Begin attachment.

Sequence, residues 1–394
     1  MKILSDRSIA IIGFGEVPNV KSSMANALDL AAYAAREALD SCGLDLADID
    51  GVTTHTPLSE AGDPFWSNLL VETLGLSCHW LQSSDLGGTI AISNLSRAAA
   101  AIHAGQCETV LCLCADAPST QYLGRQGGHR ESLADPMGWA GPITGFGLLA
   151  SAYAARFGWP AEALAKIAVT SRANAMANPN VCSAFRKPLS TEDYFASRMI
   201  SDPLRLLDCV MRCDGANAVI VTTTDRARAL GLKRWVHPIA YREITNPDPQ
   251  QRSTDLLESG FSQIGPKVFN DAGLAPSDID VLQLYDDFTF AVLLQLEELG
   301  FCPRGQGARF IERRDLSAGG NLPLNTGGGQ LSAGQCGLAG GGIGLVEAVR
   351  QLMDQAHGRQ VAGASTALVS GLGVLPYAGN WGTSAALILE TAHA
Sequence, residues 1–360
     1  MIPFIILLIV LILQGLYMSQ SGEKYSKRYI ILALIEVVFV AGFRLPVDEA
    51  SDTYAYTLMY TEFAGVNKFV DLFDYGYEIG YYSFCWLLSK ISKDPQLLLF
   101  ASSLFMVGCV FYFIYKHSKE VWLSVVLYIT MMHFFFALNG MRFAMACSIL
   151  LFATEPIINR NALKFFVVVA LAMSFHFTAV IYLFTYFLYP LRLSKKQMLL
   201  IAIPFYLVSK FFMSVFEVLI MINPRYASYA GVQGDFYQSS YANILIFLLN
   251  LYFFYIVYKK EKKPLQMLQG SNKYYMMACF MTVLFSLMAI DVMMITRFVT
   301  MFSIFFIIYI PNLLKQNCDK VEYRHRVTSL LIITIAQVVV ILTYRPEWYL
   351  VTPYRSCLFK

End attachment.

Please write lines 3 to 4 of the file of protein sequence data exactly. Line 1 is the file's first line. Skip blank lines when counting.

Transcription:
    51  GVTTHTPLSE AGDPFWSNLL VETLGLSCHW LQSSDLGGTI AISNLSRAAA
   101  AIHAGQCETV LCLCADAPST QYLGRQGGHR ESLADPMGWA GPITGFGLLA